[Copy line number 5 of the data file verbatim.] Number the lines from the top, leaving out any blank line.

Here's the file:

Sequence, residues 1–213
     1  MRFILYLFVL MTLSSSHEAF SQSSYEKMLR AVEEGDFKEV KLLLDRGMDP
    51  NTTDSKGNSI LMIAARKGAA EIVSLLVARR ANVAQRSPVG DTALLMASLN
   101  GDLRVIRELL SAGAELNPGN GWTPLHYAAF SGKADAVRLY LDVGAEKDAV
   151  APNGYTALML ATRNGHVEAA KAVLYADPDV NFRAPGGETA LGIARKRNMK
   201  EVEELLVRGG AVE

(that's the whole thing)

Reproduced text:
   151  APNGYTALML ATRNGHVEAA KAVLYADPDV NFRAPGGETA LGIARKRNMK